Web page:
WATCH: Fed Chief Powell Drops Biden Economics Team in a Sly Remark on May Jobs Report

AP Photo/Alex Brandon

When the May jobs report dropped last Friday, I wrote that the Biden administration was cherrypicking the numbers they liked while ignoring the troubling ones, especially on a substantial rise in unemployment claims. I also predicted (in the link below) that this wouldn't be the last we would hear about the statistics' drag on the American economy, which is only made worse by Team Biden's bad grasp of fostering growth in the private sector--and being straightforward about what's really happening in the economy.


Read related:

Labor Dept.'s May Jobs Report Boasts Jump in Employment, but Downplays Dismal Unemployment Numbers

As a reminder, here's what the Labor Department report said (via the Hill, with my emphasis):

The U.S. economy added 272,000 jobs in May, and the unemployment rate ticked slightly up to 4 percent, according to new Labor Department data released Friday.

The May jobs report was far hotter than the expectations of economists, who projected a gain of 185,000 jobs and no movement from the April jobless rate of 3.9 percent.

The slight increase in the jobless rate, however, ends the longest streak of sub-4 percent unemployment since the 1960s.

Even Federal Reserve chair Jerome Powell might have been throwing shade at the White House, in his comments this week, after announcing that the group would wait on any change to interest rates.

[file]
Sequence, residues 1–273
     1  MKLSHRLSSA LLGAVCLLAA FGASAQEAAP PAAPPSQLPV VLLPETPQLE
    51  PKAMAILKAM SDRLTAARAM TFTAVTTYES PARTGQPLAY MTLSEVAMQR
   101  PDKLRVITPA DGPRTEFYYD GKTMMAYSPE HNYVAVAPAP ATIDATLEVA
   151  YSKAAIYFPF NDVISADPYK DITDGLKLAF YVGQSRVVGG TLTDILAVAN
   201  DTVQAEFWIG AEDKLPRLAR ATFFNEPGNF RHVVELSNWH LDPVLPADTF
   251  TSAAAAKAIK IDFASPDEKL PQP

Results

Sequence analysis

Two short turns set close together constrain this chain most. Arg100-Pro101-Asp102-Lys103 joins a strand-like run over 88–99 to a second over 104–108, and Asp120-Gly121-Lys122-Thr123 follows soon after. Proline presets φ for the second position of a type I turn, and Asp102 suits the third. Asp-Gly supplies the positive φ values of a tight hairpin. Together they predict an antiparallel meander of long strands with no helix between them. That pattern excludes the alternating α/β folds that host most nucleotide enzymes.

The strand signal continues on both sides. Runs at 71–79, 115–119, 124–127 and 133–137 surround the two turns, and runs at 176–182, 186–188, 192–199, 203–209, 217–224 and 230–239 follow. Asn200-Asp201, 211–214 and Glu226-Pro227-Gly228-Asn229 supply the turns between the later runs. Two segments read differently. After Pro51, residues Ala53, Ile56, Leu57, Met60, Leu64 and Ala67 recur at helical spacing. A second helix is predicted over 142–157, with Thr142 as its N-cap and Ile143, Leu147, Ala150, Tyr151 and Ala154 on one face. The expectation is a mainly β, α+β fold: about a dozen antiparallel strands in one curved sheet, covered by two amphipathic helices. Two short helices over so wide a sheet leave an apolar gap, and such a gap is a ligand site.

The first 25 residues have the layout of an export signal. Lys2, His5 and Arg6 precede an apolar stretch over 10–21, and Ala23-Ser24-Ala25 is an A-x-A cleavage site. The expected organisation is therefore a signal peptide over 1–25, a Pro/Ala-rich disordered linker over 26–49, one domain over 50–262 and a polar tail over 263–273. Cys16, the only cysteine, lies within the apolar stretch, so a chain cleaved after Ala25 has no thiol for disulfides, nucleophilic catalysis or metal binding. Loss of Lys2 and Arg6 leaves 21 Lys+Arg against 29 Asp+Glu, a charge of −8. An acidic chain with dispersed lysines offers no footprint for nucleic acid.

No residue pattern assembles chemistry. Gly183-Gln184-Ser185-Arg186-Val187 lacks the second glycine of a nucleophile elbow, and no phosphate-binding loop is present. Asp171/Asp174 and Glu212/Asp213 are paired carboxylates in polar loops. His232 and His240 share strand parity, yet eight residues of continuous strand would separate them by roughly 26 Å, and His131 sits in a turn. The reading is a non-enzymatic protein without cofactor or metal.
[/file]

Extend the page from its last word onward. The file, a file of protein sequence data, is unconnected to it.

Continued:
Read related:

PAIN: 'Bidenomics' Strikes Again As Fed Makes Interest Rate Announcement

In a clip making the rounds on Thursday, Powell didn't call out Biden or the Labor Department explicitly, but it's easy enough to read through the lines:

He said, "More than that, you've got strong job creation, you have payroll jobs still coming in strong, even though there's an argument they may be a bit overstated."


I think he was being sly here, and might as well have been wagging a finger at Biden's economics "experts," people like Treasury Secretary Janet Yellen, who said something during a new CNBC sit-down that strains credulity for many Americans right now:

All Americans, both those who are well-off and those who are near the bottom of the income distribution, are better off now.

The X user isn't wrong; the Trump campaign and its supporters would be smart to use that in as many ads as possible.

Anyway, the Biden administration can insist all it wants that the economy is great and the jobs market is booming. But it must come across as tone-deaf for most people who struggle to keep a roof over their family's heads and provide food for the dinner table. 

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